Migration In Southeast Asia Essay

1459 words - 6 pages

Southeast Asia is certainly a region on the move. Internal and international migration flows are a key feature in this geographical setting. On the one hand, Southeast Asia is home of important work-related migration flows to other countries in the region which are demanding labour but also to international immigration areas, such as North America, the European Union and the Persian Gulf. On the other hand, Southeast Asia also attracts immigration, mostly intraregional. Intraregional migration is usually temporary and irregular, which has meant a major challenge for governments to manage migration in their territories.
In addition to the countries of origin and destination, some Asian ...view middle of the document...

These flows have been characterised by their feminisation since the 1970s meaning that the traditionally male-dominated labour migration context has changed. This situation has brought to surface new issues affecting women due to their vulnerability, as for example trafficking.
Transnational migration
It is reported that the destination of migrant workers has changed. In the late 1970s, the Middle East, especially the Gulf states, was the main destination. However, from the 1990s the amount of migrant workers migrating to neighbouring countries in Southeast Asia has increased (Kull, personal communication, March 4, 2014). A new trend has also been noted, namely for migrants to stay longer than before in the recipient countries. The rapid increase in the number of migrants and the diversity of countries of origin make it difficult to implement policies, which leads to the migrants vulnerability. The different jobs carried out by the migrants categorise them in different groups.
First, domestic work can be highlighted as the most critical type in relation to the feminisation of migration. This is proved by statistics from 2000 to 2003, which shows that 65% of the Filipino migrants were women, while in Indonesia the percentage was 79%. Asia is the continent with the highest number of migrant women "exports" for domestic work. Indonesia, Philippines and Sri Lanka are the main countries of origin of these women. While it is true that many of them are low-skilled workers, the fact is that even when they are qualified, as with many Filipino university-educated, their occupations are still associated with domestic care. Women working in the domestic sphere are more vulnerable as they are normally isolated in private homes and excluded from Employment Acts. As Resurreccion explains (in Devasahayam, 2009, p. 38) "they have very little and arbitrary labour rights, and often depend on the goodwill of their employers".


The professional care and welfare sector is increasingly important for female migration in the transnational sphere. Resurreccion (ibid) notes that the Philippines is currently supplying the majority of nurses working in countries such as the United Kingdom, Ireland, Canada and the United States. Data from 2008 shows that around 3000 Filipino teachers have also joined English teaching programmes in Thai schools.
Those belonging to the professional care and welfare sector enjoy better working conditions than domestic workers or those working for the entertainment and sex industry. In the case of sex workers, the situation is specially critical when it comes to vulnerability. Resurreccion (in Devasahayam, 2009, p. 41) notes that they are subject to exploitation and extortion. These groups face what Ball and Piper (2006, p. 219) define as 'structural vulnerability' meaning that these migrants are not citizens in the host country which denies them in many cases the right to claim for legal, economic or social protection. Is resilience...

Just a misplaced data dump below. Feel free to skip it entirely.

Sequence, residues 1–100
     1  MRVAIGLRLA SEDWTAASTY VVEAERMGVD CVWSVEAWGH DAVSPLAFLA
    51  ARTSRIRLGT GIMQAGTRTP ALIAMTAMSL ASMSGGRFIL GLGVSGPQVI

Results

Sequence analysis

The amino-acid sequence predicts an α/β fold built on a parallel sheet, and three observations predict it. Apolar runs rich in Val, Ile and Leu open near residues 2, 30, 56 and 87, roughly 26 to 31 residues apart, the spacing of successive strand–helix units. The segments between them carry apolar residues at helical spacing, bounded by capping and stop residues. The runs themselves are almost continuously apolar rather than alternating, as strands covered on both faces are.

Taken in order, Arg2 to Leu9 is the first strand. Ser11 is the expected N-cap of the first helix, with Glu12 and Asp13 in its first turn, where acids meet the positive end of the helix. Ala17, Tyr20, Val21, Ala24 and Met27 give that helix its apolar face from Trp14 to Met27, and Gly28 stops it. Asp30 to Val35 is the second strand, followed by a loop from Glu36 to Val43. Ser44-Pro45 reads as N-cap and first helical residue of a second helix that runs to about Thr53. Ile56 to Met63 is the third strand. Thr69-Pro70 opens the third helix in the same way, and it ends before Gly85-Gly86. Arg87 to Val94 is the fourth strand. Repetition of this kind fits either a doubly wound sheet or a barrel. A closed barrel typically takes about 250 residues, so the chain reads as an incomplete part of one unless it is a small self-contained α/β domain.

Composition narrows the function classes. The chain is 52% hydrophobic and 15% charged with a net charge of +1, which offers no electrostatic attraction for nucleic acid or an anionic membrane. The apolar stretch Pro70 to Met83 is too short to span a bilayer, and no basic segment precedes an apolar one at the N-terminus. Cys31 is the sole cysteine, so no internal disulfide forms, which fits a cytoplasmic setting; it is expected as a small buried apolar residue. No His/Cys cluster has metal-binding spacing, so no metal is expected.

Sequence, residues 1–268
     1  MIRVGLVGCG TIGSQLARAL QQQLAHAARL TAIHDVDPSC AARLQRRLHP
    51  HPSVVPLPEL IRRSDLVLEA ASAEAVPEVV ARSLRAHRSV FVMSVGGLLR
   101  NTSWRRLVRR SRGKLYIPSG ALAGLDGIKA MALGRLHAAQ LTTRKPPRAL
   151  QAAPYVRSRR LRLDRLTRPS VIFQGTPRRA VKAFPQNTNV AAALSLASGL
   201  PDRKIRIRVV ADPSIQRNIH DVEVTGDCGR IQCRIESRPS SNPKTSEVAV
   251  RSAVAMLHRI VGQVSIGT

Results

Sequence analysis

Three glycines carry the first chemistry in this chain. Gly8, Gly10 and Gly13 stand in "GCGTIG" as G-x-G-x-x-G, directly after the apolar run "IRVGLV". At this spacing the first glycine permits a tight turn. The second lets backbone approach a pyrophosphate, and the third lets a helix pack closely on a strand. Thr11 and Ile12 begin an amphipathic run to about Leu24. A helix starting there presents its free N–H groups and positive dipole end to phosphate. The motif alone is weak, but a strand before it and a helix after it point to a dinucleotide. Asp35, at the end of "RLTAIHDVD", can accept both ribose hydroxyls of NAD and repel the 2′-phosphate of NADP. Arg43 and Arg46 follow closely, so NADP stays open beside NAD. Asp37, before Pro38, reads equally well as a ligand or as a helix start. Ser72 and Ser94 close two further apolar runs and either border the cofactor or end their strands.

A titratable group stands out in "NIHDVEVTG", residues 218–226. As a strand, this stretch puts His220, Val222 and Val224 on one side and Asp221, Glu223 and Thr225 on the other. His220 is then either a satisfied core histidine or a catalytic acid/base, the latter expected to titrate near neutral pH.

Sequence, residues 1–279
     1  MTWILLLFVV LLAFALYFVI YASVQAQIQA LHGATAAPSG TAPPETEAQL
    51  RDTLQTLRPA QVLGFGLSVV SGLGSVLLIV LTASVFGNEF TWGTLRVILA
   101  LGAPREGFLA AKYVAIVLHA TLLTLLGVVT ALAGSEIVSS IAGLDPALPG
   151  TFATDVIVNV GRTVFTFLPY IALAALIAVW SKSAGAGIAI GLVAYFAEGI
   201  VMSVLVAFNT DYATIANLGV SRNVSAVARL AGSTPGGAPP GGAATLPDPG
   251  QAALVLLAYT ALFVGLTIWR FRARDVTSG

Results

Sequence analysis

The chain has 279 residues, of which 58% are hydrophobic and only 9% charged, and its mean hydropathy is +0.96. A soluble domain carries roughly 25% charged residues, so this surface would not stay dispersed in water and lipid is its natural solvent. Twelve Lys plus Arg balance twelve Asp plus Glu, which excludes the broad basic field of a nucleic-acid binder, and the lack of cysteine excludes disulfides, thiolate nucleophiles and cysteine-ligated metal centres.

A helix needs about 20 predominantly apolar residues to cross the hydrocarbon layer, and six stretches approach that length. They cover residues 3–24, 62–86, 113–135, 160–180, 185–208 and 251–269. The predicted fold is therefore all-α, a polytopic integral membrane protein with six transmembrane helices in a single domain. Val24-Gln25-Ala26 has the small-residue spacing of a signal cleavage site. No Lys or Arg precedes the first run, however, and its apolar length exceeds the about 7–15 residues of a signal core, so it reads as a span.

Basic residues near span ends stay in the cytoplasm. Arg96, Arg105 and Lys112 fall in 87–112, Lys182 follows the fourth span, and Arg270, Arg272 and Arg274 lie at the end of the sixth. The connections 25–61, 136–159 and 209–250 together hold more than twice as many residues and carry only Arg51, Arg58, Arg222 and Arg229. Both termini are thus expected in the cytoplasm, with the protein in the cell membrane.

Find Another Essay On Migration in Southeast Asia

Medical Tourism in Southeast Asia Essay

1771 words - 7 pages has become a key economic strategy in these two countries. Malaysia and Thailand have also become main medical hubs in the region, attracting patients from within and outside Southeast Asia. The Birth of Medical Tourism Before the east Asian financial crisis in 1997-1998 was a time of economic growth in Southeast Asia. The middle class with high education attainment was expanding, living mainly in large cities. These people put significant

Dutch Colonization in Southeast Asia Essay

802 words - 4 pages The Dutch’s appearance in Southeast Asia was predominantly a two-stage colonization process. The initial stage of this expansion period arose in 1602 with the charter of the Dutch East India Company. The VOC (Dutch East India Trading Company) had been formed by the State-General of the Netherlands to carry out, for a granted 21-year monopolistic control, colonial expansion privileges representing the Dutch in South East Asia. While at first

Independence Struggles in Southeast Asia

2418 words - 10 pages which conceived of it as a stronghold against the increasing Soviet influence in Southeast Asia. In essence, this backing gave Indonesia a carte blanche and ensured it could do what it saw fit, like the incorporation of Papua. On the contrary, Indonesia in the late 1990s was a nation in distress, hit hard by the 1997 Asian financial crisis. Suharto’s relative popular support that he maintained through emphasizing Indonesia’s strong economic

Deforestation Rate in Southeast Asia

1544 words - 6 pages lowland forest trees species bears borad leaves, on the other hand montane forest are dominated by lean trees with small leaves. The third unique difference is occurrence of epiphythe. (Smith and Smith, 2003) Deforestation rate in Southeast Asia is one of the highest globally. It is a primary threat to loss of biodiversity. Most of exploitations are focused on lowland due to ease of access compare to its counterpart montane forest. Besides